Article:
Category Archives: International

“Welcome to what feels like the 17th Day of LegalTech”

MP900432728 If you were following my tweets from LTNY, I posted that quote from Jason Baron Tuesday afternoon.  But no, it wasn't day 17, it was day two – or for Logan's Run fans, last-day for me since I had to catch an early flight home Wednesday.  And that leads me to my first comment.  Drat!  Yeah, it's a word.  There was a "government" track on day three, but I couldn't stay to attend.  Worse, one session was on the contrast in ediscovery rules between civil and criminal investigations – right up my alley.  But, we make choices, and I couldn't be in two places at once, so let me settle for giving you my summary of day two…

As mentioned prior, by the time I got to my hotel room Monday night, I'd been awake about 35 hours.  The Tuesday keynote involved United Nations war crimes investigations with Gonzalo de Cesare.  I was fortunate enough to be attending the Zylab reception for Mr. de Cesare at the close of the day, so I elected to catch up on some zzz's and skip the keynote.

I started my 1st session back on the international track with 75 minutes on Multinational Discovery.  It was great.  Unlike the "overview" feel to all of my Monday sessions, this was loaded with in-depth information.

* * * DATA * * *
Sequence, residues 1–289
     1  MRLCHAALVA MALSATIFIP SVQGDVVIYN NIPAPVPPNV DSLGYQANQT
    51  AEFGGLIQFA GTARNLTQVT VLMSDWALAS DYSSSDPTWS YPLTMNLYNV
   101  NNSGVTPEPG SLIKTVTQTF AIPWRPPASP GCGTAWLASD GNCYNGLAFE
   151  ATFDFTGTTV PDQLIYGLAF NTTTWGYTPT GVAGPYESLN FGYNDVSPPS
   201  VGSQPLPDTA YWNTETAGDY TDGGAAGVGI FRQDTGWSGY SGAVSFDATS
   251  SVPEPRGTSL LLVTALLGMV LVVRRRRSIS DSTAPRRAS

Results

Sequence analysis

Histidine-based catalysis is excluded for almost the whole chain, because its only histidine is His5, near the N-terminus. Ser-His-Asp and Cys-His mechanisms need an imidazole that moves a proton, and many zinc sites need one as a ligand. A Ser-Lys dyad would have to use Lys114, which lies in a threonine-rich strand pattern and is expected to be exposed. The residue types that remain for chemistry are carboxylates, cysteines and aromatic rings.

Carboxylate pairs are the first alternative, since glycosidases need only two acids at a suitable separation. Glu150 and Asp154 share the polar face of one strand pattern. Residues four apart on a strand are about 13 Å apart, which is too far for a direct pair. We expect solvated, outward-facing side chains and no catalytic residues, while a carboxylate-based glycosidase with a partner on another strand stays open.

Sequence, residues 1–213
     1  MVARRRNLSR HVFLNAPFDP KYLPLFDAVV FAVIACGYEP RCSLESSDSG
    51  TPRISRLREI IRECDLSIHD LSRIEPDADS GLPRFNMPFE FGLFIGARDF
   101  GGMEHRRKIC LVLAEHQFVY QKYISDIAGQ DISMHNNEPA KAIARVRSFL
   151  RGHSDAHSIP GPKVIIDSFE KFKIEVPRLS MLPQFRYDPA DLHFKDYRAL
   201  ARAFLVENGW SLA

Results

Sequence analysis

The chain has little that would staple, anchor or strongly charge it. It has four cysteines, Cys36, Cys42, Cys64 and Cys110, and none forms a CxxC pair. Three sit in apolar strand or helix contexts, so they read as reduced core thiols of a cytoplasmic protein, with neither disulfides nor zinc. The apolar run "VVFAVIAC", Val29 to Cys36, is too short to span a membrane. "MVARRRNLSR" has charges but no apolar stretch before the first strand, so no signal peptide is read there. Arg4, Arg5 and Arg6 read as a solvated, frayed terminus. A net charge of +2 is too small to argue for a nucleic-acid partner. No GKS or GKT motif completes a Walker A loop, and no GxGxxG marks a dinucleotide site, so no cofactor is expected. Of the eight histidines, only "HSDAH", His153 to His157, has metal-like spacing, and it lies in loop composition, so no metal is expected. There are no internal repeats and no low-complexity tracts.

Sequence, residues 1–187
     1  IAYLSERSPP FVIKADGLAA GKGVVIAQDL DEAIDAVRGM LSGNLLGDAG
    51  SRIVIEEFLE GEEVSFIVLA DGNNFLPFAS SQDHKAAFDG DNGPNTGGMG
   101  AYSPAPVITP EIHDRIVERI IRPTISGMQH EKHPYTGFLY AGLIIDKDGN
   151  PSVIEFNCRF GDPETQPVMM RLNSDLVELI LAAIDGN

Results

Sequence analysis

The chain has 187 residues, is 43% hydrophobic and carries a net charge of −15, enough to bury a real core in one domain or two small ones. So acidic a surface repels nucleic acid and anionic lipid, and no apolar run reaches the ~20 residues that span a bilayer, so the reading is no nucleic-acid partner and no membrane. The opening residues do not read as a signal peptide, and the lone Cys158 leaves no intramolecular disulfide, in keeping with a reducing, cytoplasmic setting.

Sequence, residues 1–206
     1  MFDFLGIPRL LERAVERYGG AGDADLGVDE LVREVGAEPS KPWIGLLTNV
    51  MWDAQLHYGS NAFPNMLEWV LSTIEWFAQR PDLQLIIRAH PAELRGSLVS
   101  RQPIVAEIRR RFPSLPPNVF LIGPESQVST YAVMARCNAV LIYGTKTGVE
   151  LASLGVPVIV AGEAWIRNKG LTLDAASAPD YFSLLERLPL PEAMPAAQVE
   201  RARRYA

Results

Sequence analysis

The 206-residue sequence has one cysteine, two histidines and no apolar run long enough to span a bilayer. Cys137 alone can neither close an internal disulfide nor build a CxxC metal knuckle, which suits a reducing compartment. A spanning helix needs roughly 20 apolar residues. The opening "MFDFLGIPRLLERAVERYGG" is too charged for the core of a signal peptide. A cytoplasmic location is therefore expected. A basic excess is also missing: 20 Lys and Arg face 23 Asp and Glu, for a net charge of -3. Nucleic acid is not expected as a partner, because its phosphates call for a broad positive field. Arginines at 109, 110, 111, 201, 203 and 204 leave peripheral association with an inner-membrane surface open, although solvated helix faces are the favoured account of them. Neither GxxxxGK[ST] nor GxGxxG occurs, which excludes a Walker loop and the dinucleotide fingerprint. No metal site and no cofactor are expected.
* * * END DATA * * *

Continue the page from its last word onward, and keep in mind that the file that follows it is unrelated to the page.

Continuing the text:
In terms of looking at a map, North Americans tend to think of borders vertically (Canada, down to the United States, down to Mexico), but in Europe, thinking horizontally or vertically, one may hop in their car and cross several borders in a single day – and violate privacy laws in each and every one along the way.  The speakers handled this smartly.  They understood that the bulk of the audience were americans (or US-based), so they illustrated the risks both from the standpoint of moving data between EU countries, among others, but also from the standpoint of moving it to/from the United States.  Considering the limited time, they accomplished the goal.

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I stopped in to see my friends at Iron Mountain, then caught the last half of the federal judges session on the federal rules and where things are headed.  Whether you're in technology or law, I urge you to learn as much from judges as you can.  People question judges about ediscovery issues, but a lot of times the answer is, "It depends on the particular facts."  That's the problem.  A snapshot today will serve as a guide, but ediscovery law is a rapidly-changing discipline.  I like to 'get inside the heads' of the judges to try to understand what they're thinking about the future.